– The United team had made goalscoring a treasured commodity in Manchester and would capitalise on the good recent form to attack the Saints goal. Wayne Rooney in particular.
– Regardless of their attack, David De Gea has been steady as a rock. The Spanish keeper is starting to add on to his lustrous reputation and was the difference at Anfield last week. He could be even more important this weekend.
– Marouane Fellaini (Enough said). Constantly outrun, out leapt and even tackled, the Belgian midfielder doens’t look like he will ever be accepted by the United Faithful
– Borthwick-Jackson would be exploited by Mane, and the Englishman’s young age could be the deciding factor. Would he act with maturity and contain Mane or go forward to leave behind an exploitable gap in the defence.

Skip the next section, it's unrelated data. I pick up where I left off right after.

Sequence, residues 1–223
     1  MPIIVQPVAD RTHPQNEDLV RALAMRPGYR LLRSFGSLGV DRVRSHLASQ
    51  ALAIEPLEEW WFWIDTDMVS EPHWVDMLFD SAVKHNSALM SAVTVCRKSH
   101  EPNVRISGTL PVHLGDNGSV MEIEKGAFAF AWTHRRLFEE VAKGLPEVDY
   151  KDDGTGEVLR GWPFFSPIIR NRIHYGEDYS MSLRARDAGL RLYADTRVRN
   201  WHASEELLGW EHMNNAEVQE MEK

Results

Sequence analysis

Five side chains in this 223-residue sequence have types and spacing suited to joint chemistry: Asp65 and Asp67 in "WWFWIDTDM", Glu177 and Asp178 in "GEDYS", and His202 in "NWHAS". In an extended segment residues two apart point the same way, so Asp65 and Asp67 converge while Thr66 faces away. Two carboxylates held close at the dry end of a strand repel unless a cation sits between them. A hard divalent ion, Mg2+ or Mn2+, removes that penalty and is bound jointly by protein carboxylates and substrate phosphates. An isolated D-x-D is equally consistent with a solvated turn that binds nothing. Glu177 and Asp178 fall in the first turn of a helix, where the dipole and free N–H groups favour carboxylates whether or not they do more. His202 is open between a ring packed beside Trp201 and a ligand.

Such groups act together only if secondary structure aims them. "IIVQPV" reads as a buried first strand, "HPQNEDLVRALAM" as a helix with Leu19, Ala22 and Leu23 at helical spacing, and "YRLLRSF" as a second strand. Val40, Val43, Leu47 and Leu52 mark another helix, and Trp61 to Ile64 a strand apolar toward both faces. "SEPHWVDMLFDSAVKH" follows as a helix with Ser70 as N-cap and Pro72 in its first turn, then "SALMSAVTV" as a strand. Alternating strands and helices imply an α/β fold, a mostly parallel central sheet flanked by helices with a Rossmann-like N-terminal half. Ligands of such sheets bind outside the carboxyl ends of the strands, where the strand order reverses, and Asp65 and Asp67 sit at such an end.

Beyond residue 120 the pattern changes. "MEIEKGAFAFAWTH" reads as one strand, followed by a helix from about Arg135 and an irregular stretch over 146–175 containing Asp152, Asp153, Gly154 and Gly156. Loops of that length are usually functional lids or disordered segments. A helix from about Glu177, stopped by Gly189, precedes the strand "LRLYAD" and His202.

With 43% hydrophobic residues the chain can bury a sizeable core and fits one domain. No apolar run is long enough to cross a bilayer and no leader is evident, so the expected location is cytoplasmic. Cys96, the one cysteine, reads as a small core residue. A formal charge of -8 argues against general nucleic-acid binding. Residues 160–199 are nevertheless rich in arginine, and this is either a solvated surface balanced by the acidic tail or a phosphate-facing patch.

Southampton – Strengths and Weaknesses
– Victor Wanyama. The midfielder is young, strong and driven. While reminding some people of a younger Roy Keane, Wanyama is the man who’s control of the midfield would be pivotal to Koeman’s plan.
– Shane Long. With Charlie Austin’s transfer to the Saints, the Irish forward has laid down his marker for the team’s central goalscorer position without hesitation. The motivation may give him the ability to cause some real havoc tomorrow
– The entire defence. The Southampton back four have been pathetically inconsistent this season, yielding surprising defeats along the way.
– Ronald Koeman. While the Dutch manager looked like a refreshing boon to the Premier League last season, he has been unable to replicate his team’s form or their confidence.
Blast from the Past
Keep your aircraft as far away as possible from the corners and edges of the screen